The turn off Chelsea bridge onto Milbank is difficult as there is often so much traffic it can be hard to get in the right hand lane.
    Battersea Park road stil has too much parking on it meaning often the lane disappears and in rush hour it’s too narrow to get past the static traffic in the only lane.
    The bits where is heads off road (around Queenstown Road and Wandsworth one-way system the wait for a green light at the crossings is very long.

  7. U1875 17/05/2011 at 5:19 pm #

    CS8 is good. Nice to ride and quite large and plenty of space for cyclists. Only, beside motorbikes, vans and cars invading the CS8 there are a lot of crazy cyclists zigzaging in and out of the lane in a very dangerous way. Today, I saw a cyclist invading the space of a motorbike coming out suddenly out of the CS8 and the motorbike almost hit the cyclist (for once it wasn’t motorbike’s fault). The cyclist started shouting at the biker and they went in this way for quite a while…. More respect from bikers and cyclists would make life easier for everybody.

  8. skippy 17/05/2011 at 8:18 pm #

    Looking at the width of the cycle lane makes me wonder if the “planners” have FINALLY woken up !
    My recollections of riding in the UK are dominated by memories of dodging “foxholes” in the dry and “Swimming pools” when wet .
    Staying alive on English roads involves being prepared to ride wide early or you get sideswiped into stationary vehicles .
    Currently at the Giro and am finding that more of their drivers are behaving as if they lived in the UK , or have most UK drivers moved to Italy for the better weather and brought their bad habits with them ?

    When a bike lane is built it should be continous not an after thought where drivers can park to grab a fe items from the store ! M/cycles also need to remember that they have their place and if the rider wants to be a cyclist then they are welcome w/out the noxious exhaust fumes !

  9. tmw1708 18/05/2011 at 8:40 am #

    Used to hate the York Road section between Tirinty Road and Lombard Road as was very tight with traffic hugging the gutter so no room for bikes. With the changes (still) being put in there looks like they’ll be more room for everyone. Also, having been a sceptic about the worth of the blue paint I was pleasantly surprised how well cars etc kept themselves to themselves. So far so good…

    • Andreas 18/05/2011 at 9:45 am #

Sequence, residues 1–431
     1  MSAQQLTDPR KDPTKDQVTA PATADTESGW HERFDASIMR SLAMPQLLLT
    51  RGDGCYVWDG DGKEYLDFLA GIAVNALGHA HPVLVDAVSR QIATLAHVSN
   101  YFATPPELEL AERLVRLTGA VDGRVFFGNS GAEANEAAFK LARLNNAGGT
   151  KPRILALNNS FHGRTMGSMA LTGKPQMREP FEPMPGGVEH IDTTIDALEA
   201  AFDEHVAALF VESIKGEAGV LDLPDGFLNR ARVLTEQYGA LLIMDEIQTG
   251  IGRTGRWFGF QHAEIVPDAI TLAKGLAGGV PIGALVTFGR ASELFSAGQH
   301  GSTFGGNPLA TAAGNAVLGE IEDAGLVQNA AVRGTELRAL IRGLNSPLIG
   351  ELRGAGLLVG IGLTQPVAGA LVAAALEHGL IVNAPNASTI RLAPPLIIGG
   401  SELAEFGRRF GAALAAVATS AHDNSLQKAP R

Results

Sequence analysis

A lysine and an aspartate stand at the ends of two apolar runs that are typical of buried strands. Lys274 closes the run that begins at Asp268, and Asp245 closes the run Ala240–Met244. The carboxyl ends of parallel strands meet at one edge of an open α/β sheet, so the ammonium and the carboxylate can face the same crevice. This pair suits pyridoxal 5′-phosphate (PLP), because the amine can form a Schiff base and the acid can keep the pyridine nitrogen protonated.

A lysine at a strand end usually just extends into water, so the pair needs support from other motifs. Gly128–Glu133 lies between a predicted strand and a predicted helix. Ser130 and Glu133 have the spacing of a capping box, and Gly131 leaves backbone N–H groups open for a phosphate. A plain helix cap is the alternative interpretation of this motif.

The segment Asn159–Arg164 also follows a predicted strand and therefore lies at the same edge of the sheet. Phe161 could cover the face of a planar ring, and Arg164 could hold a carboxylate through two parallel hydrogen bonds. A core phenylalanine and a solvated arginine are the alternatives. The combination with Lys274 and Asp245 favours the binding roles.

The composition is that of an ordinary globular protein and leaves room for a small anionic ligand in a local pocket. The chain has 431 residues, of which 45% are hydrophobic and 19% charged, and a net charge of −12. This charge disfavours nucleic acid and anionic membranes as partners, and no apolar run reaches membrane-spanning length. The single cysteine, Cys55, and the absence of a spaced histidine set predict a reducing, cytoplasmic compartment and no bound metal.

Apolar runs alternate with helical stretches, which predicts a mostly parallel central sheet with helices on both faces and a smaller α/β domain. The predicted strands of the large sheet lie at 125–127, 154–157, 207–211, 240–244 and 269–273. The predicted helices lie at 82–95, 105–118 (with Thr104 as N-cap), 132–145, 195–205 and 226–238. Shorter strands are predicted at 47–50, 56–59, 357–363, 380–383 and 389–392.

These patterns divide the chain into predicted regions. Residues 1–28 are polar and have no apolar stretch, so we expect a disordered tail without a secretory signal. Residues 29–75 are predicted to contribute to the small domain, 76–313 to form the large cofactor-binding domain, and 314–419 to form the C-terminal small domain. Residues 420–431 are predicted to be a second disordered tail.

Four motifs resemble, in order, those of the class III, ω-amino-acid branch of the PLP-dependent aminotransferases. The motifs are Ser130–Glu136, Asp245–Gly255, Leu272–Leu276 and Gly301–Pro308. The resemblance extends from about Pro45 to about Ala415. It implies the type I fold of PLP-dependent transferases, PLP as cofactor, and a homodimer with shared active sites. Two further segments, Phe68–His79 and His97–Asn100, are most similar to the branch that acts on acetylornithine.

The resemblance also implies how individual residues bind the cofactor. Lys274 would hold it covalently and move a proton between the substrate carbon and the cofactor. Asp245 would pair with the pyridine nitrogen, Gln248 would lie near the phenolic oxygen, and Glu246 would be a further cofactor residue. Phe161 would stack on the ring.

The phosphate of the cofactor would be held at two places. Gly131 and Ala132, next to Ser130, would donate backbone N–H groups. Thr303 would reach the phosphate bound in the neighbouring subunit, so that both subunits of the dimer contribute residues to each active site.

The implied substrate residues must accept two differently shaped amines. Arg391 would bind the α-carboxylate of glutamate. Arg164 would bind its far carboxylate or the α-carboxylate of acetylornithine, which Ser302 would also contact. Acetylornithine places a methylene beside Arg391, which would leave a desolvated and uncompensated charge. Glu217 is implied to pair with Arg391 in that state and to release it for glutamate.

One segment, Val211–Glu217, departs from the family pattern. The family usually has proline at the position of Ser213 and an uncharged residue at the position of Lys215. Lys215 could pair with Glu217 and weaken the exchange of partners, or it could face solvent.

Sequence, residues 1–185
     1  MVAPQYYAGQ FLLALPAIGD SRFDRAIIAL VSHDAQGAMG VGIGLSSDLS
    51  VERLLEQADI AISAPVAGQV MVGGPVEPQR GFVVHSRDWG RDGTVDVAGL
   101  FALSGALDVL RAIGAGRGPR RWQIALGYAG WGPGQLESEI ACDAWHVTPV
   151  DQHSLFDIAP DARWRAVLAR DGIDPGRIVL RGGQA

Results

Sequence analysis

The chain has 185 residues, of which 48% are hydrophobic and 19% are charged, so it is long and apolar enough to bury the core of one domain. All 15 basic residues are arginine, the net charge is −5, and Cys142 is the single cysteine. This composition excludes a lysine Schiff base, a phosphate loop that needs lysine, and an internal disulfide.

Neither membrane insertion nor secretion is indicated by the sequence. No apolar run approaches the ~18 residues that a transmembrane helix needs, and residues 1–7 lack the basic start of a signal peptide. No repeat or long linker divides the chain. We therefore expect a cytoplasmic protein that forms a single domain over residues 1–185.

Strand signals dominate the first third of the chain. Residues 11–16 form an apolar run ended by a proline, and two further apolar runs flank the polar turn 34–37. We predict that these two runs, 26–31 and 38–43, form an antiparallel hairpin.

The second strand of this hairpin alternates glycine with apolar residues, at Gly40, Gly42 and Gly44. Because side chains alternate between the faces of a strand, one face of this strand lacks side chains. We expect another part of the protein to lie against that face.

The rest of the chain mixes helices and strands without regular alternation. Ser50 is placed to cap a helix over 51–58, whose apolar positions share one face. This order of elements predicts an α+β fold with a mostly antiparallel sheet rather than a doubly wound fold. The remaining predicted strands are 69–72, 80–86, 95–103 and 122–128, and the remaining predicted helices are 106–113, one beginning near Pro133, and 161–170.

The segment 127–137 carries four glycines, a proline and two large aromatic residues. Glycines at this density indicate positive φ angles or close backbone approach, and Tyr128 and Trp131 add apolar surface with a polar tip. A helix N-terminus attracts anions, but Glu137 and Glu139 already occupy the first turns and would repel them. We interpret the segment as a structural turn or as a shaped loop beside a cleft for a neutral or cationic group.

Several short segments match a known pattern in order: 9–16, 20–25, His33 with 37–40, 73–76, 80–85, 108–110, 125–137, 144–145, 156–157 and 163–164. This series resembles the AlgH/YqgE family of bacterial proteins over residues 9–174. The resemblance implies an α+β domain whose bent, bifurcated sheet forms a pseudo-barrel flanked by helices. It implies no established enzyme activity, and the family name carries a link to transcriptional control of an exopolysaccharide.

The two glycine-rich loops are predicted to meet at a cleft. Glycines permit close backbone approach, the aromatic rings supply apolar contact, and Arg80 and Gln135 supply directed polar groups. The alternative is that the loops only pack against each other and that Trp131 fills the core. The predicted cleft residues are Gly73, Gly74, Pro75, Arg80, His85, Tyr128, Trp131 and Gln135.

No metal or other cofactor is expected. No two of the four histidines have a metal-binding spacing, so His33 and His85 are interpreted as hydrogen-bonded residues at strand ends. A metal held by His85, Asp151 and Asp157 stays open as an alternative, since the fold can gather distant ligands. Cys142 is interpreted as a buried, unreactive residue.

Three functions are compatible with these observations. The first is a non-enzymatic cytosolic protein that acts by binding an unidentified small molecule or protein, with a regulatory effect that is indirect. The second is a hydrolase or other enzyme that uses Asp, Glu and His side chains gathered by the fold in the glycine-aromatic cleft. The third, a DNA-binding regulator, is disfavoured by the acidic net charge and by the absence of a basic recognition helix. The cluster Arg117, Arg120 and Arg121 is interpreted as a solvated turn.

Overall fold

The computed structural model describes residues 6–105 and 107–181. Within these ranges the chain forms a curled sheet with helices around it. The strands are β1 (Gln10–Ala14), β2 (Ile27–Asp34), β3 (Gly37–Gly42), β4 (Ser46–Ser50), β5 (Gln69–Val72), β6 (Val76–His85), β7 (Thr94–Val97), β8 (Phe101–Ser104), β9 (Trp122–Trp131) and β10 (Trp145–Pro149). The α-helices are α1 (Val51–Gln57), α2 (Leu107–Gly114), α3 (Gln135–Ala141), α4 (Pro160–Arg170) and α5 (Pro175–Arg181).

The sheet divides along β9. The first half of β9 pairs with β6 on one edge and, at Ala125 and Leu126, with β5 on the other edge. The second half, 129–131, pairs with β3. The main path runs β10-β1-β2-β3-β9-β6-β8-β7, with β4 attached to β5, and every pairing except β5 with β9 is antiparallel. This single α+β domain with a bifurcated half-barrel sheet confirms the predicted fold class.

Pleased to hear about the cars sticking to their lane!

  10. JonF 18/05/2011 at 11:24 am #

    “their lane”????

    It’s ours too you know. 🙁

  11. Kenny 19/05/2011 at 5:45 pm #

    What is the law regarding motor cycles in cycle lanes? I mainly use CS3 and only really see the problem at the junction at Poplar High Street and Cotton Street, however on Upper/Lower Thames Street where there is a marked cycle path (recently repainted too) which whilst it isn’t a Cycle Superhighway, I find I get tailed with motor bikes and scooters every time I use it – and I mean the full length of the cycle lane – not just at junctions! They’re a blooming nuisance.

    • Andreas 20/05/2011 at 8:29 am #

      Good question Kenny. I’ve not read anything about motorcycles in cycle lanes. I only presume it is illegal. Anyone have any info on this?

  12. Ale 20/05/2011 at 10:23 am #

    Depends wether there’s a solid or dashed white line delimiting the lane. If it’s a solid line, it’s a compulsory lane and only bicycles are allowed in it. If it’s a dashed line, it’s advisory, and anyone can drive in it, including cars and lorries.

    Unfortunately most cycle lanes are of the latter type.

  13. Crustdabike 20/05/2011 at 11:12 am #

    I have to say that my experience of the Cycle Superhighways is that the blue paint becomes something of a slip hazard in the wet. Probably just me, but does anyone else have this experience?

  14. rosamundi 22/05/2011 at 9:35 pm #

    CS2 isn’t so great. Seems to be two different types of road marking being used, and they’ve taken two lanes of traffic down to one and a half by painting the blue stripe down the road. Cars, and especially anything large (e.g. the 25 bus which goes down the Mile End Road) have no choice but to go into the cycle lane because the left-hand lane of traffic has been narrowed so much. Meanwhile, the pavement is wide enough for ten people to walk abreast. Really don’t understand why they didn’t split the pavement and have half for bikes, half for pedestrians, and leave two lanes on the road for cars. It’s going to be hell come the Olympics, I think they’ve declared the Mile End Road a priority Olympic traffic route.

  15. Carolyn 01/06/2011 at 8:29 am #

    As a user of the CS 3 & 7, a year later, the state of these is awful, with many bits having been dug up and replaced with lumps of tarmac other bits blackened by bus use? No sign of any proper upkeep.

    Let’s hope instead of cyclists having to fight for road space, it will be motorised traffic that will be assigned a small specific space to drive in. 🙂

  16. Kenny M 01/06/2011 at 8:27 pm #

    I very much agree with you Carolyn. It almost disappears in Poplar since they resurfaced the road, although the surface is much better now, and it’s fast fading away in Wapping although the little blue patches on the road weren’t the best anyway. Pretty crazy seeing as CS3 and 7 cost 15 million quid each to paint and within a year they’re looking rather sorry for themselves.

  17. Dave 22/05/2012 at 9:54 am #

    When I first started riding a bike aged 12 my Nan taught me this little rhyme

    Here lies the body of Jonathan Gray
    Who died maintaining his right of way
    He was quite in the right, as he sped along
    But he’s just as dead as if he had been wrong.

    I never want it as an epitaph